• A one day voiding diary should be obtained from the patient to establish baseline values for frequency, urine volume and pain that can be used to determine if future treatments are helping.
  • An in-office cystoscopy and/or urodynamics should be considered in complex cases or if the diagnosis is in doubt. Cystoscopy may identify bladder cancer, bladder stones, urethral diverticula and/or if any foreign bodies (vaginal mesh) are present. 
  • Glomerulations (petechial hemorrhages) are no longer considered specific to IC as they are seen in other conditions as well as some normal, healthy bladders. 
  • If Hunner’s lesions are suspected, particularly in patients over the age of 50, an office cystoscopy should be performed unless the patients to prefer to have this done under anesthesia. If lesions are found, the AUA recommends that treatment be performed under general anesthesia. The AUA recommends that physicians use a low pressure (60 to 80 cm water) with a short duration (under 10 minutes) to reduce the risk of bladder rupture and trauma. High pressure, long duration procedures are no longer recommended.

Treatment Approach

  • No single treatment works over time for the majority of patients. Treatment should be tailored to the specific symptoms (phenotype/subtype) of each patient. 
  • AUA has abandoned the six step treatment protocol which allowed patients and providers to rate the potential risks of treatment in a logical, intuitive scale. The 2022 guidelines rely on physicians to discuss the risks and benefits of each treatment. The key question? Do urologists have the time to have this in-depth conversation with their patients?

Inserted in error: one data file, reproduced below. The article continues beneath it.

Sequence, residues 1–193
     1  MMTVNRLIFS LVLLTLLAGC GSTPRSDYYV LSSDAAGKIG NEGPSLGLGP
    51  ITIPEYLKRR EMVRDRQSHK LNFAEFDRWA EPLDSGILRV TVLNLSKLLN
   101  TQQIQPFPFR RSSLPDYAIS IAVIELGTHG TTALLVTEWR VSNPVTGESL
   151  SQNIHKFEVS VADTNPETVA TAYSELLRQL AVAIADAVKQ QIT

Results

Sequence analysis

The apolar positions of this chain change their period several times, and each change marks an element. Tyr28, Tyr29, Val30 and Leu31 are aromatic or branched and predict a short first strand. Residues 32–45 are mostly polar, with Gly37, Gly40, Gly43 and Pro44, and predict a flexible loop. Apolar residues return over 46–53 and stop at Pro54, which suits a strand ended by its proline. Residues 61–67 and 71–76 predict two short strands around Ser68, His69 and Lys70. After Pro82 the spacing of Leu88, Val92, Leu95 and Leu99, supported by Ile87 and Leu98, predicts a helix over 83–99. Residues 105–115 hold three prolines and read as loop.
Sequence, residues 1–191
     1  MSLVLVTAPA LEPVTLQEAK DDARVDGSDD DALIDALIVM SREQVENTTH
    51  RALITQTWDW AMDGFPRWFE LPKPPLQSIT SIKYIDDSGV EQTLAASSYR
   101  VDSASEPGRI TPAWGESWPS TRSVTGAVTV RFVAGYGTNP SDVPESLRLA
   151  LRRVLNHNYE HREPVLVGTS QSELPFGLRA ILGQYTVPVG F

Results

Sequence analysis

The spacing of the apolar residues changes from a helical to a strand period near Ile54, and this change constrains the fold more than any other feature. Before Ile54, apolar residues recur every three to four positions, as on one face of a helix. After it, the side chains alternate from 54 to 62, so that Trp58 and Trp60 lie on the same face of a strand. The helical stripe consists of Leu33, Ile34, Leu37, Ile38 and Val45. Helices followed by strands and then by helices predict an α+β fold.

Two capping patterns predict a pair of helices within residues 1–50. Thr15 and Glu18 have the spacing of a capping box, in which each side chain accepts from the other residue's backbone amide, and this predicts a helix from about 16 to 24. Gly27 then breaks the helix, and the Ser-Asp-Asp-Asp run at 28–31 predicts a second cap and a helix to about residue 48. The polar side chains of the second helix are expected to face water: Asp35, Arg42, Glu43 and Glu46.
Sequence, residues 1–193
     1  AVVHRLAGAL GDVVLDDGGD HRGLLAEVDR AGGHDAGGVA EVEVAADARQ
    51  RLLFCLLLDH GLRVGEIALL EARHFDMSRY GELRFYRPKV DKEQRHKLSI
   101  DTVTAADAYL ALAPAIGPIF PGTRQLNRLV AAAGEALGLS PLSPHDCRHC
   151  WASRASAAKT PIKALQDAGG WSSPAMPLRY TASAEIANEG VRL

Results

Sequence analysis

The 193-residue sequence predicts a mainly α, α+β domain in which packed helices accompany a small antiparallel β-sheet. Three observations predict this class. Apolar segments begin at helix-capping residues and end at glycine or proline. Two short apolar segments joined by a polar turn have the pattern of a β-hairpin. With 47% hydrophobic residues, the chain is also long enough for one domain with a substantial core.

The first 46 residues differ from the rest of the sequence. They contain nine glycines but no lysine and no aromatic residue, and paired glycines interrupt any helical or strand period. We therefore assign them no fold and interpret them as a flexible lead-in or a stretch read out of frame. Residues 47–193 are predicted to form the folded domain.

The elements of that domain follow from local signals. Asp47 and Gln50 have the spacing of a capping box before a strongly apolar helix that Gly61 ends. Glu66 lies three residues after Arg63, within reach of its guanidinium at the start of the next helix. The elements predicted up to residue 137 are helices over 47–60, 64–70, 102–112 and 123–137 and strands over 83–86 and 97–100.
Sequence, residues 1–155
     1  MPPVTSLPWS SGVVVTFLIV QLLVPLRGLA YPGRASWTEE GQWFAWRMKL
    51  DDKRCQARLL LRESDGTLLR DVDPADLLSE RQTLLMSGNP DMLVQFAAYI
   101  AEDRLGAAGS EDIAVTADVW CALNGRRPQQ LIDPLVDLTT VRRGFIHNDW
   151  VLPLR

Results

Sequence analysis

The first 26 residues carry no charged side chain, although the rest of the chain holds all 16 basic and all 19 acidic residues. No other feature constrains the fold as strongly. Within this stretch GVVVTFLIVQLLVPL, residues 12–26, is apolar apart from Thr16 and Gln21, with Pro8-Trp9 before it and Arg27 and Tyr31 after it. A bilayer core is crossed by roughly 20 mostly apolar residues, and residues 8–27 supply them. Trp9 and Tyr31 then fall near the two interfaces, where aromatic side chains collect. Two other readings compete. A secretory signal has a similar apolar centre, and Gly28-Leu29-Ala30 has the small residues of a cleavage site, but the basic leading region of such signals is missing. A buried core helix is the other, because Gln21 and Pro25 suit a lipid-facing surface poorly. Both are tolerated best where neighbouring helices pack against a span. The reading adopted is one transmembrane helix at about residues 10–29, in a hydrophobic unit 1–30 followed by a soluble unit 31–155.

• If a patient is not responding to multiple treatments, the diagnosis of IC/BPS should be reconsidered. If bladder therapies are not effective and/or a patient is getting worse rather than better, the AUA strongly recommends reconsidering the diagnosis. Was something missed? Is another condition present that could be producing pelvic and/or urinary symptoms, such as: endometriosis, fibroid tumors, pelvic congestion syndrome, tarlov cyst, pudendal neuralgia or coccyx injury?

Pain Care

  • Pain management should be an integral part of IC/BPS treatment and pain levels should be assessed at every appointment. Multimodal therapy is encouraged, including medications, stress management and manual therapy. Complex patients may be referred to a pain management professional